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Nov 30,2021 by Edulab
The humble Bunsen burner is one of the most used pieces of kit in any laboratory. In previous articles we have touched on what a Bunsen burner is and how to use it safely, and today we are diving into some of the best experiments that can be completed with this equipment.
Bunsen burners have been around since 1885 and are found in everything from science classrooms to large, commercial labs. They work by mixing air and gas to create extremely high temperatures in a controlled manner, making them suitable for loads of different applications. Here are 4 experiments you can complete using a Bunsen burner:
This experiment is great for demonstrating how different liquids can affect the way paper burns. You will need three clean glass beakers. Fill one with water, one with ethanol, and one with a 50/50 mix of ethanol and water. Cut three small pieces of paper (about the size of a 50 pence piece).
Using a pair of tongs, dip one piece of paper into the beaker of water, and then hold it over the Bunsen burner flame, and notice how it will not ignite. Next, do the same by dipping a bit of paper in the ethanol. This time the paper and the ethanol will burn immediately. Finally, dip the third piece of paper in the water and ethanol mix and hold over the flame. You will see that the flame will burn away the ethanol on the paper, but the paper itself will not ignite.
The levitating flame Bunsen burner experiment has been used in laboratories and lessons for decades. It is a fantastic way of demonstrating convection and conduction to students of all ages. This experiment uses the basic principles of a miner’s safety lamp, also known as a Davy lamp.
Start with a Bunsen burner on a blue flame and pick up a copper gauze using some metal tongs. Slowly lower the gauze into the flame, holding it in one corner and lowering the opposite corner. You will see how the flame turns from roaring blue to orange, which indicates a fast drop in temperature.
Continue lowering the gauze slowly until it is eventually touching the top of the burner. At this stage, it will turn blue again, but the flame will not go out. Hold it here for 30 seconds to one minute and then slowly lift the gauze to about 3-4cm above the burner. You will notice that the flame stays above the gauze, and there is no flame coming directly from the Bunsen burner. It is possible to pass your finger through the gap between the Bunsen and the gauze without burning yourself as this area is not ignited.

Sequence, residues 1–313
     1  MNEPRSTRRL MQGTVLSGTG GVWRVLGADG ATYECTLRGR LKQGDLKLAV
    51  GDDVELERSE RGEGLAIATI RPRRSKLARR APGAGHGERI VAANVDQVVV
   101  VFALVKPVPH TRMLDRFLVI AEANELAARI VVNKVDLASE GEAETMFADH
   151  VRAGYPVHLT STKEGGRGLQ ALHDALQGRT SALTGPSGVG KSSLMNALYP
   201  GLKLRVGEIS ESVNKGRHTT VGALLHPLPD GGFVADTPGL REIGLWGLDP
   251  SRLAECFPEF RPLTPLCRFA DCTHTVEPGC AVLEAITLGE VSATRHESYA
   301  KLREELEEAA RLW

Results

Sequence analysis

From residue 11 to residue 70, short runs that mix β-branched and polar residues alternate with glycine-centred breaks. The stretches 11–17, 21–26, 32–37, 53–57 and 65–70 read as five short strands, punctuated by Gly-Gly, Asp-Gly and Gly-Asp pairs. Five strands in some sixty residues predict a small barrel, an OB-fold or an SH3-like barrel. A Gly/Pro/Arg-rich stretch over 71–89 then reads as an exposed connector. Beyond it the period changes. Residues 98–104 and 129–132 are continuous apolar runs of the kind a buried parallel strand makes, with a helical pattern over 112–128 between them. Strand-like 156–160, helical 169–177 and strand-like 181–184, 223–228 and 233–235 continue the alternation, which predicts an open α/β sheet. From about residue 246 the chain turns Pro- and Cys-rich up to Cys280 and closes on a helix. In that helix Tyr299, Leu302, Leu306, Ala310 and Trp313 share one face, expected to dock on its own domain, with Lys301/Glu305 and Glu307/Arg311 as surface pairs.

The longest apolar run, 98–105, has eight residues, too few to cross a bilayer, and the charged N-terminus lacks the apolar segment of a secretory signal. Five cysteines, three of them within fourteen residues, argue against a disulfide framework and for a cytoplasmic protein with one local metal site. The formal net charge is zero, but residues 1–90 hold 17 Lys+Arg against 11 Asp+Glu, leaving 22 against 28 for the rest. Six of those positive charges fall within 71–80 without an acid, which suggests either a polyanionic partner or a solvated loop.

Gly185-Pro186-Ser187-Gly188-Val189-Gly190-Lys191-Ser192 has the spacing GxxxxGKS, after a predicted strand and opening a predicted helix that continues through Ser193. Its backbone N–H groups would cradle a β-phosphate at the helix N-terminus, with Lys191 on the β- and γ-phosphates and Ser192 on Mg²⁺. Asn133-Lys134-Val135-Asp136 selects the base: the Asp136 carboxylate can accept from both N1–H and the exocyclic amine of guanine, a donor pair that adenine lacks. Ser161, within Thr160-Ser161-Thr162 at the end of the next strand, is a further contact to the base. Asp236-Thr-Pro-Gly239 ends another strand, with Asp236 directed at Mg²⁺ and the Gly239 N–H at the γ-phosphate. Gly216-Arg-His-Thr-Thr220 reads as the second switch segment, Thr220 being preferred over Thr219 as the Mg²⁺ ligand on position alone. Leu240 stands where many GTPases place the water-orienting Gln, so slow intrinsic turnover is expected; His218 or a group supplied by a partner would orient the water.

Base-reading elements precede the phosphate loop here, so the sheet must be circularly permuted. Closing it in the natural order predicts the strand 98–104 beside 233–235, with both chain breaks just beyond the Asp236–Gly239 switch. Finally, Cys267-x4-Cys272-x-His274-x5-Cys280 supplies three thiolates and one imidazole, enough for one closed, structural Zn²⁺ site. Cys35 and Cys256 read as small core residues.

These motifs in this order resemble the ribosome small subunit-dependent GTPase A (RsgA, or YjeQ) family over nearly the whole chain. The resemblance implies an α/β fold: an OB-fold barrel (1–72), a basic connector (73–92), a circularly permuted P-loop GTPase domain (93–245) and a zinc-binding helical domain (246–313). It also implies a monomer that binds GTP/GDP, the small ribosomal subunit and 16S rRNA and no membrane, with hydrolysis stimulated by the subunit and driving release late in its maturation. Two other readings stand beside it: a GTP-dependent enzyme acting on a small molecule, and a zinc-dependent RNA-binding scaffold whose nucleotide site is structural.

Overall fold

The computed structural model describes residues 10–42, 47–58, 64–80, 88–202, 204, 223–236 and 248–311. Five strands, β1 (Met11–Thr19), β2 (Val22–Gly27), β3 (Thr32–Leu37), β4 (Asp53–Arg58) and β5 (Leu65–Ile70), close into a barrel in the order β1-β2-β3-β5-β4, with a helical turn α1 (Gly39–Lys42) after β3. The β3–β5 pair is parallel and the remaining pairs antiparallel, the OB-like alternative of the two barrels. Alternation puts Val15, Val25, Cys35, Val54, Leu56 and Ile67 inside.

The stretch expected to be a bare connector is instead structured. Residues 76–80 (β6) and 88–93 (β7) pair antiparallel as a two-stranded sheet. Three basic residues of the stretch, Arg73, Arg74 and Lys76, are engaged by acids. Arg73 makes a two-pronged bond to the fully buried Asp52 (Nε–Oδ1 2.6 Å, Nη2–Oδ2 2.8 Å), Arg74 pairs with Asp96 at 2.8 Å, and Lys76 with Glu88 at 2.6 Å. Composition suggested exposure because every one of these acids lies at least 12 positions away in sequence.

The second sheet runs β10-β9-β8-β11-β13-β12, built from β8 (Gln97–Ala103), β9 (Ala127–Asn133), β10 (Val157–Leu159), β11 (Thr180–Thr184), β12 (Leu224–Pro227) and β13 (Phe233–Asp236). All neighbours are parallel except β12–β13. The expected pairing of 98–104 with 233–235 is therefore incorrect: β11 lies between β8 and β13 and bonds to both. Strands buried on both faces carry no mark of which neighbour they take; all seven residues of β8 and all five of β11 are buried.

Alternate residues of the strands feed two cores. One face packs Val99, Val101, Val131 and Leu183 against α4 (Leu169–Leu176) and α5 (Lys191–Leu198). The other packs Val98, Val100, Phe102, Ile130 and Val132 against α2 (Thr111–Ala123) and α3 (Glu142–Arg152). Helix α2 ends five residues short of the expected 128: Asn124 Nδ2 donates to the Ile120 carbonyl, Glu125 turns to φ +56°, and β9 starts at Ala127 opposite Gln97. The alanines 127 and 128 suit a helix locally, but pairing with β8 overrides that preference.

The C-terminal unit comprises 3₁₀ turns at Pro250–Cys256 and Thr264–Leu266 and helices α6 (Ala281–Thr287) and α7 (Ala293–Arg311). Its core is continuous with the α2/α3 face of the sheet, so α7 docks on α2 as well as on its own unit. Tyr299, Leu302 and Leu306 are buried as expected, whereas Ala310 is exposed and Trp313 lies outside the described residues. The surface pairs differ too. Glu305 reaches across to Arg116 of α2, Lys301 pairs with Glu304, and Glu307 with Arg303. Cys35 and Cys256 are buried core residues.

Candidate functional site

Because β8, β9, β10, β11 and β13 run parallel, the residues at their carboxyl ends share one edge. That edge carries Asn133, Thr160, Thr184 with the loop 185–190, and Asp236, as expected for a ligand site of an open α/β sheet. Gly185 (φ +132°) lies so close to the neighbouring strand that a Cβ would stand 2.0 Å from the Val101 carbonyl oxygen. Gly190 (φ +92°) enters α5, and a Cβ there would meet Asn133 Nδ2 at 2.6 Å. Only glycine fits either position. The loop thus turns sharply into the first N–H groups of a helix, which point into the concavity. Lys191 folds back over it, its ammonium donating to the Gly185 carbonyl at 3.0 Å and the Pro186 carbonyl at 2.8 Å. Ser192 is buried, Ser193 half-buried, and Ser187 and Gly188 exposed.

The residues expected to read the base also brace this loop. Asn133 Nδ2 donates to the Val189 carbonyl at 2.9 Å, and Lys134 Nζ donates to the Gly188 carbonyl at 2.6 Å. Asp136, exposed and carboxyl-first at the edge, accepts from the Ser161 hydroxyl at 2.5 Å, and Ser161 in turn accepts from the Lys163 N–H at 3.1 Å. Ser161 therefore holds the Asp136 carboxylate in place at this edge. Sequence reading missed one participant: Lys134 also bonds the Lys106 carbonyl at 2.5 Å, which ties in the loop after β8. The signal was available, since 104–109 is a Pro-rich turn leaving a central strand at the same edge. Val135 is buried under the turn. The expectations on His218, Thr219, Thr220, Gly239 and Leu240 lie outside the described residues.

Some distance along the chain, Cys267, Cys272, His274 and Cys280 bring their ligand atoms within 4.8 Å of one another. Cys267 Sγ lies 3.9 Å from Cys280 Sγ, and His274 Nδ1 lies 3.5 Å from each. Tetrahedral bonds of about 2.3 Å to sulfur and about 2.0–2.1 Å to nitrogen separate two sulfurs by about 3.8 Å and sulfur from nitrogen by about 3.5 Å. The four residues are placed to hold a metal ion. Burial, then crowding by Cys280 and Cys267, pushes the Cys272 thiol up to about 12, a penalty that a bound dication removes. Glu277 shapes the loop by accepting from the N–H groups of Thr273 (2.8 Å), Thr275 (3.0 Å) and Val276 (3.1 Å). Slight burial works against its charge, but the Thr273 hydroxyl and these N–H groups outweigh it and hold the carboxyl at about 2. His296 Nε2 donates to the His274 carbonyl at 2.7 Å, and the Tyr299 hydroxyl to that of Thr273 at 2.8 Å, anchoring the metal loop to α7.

An extremely common Bunsen burner experiment which is used in schools is the flame test. It is used to identify ions in various compounds. Each metal ion produces a different colour flame when subjected to a high heat. This is the basis behind a Bunsen burner flame test.
Start by dipping a clean wire loop into the solid compound you want to test. Carefully hold the wire loop at the edge of the Bunsen on a blue flame and observe which colour it turns. Some of the most common metal ions and their respective flame test colour are:
This unique Bunsen burner experiment is perfect for demonstrating the energy content in a favourite childhood sweet. Make sure you only conduct this exercise in a well-ventilated room with plenty of space and no smoke detectors nearby. You will need to set up a clean boiling tube at a 45 degree angle over a Bunsen burner.
Begin by measuring out 7g of Potassium Chlorate into the boiling tube. Turn on the Bunsen burner and heat the tube until all of the Potassium Chloride as melted. Be careful not to continue heating it after it has melted, the trick is to turn off the heat as soon as this is done. When the Bunsen burner is off, drop one jelly baby sweet into the tube using a pair of tongs.
At this point, the sugar in the jelly baby is oxidised, creating coloured flames, a lot of smoke and a screaming noise. This demonstrates just how much energy is in a single sweet through visual and audio representation. The average jelly baby delivers roughly 100 kilojoules of energy.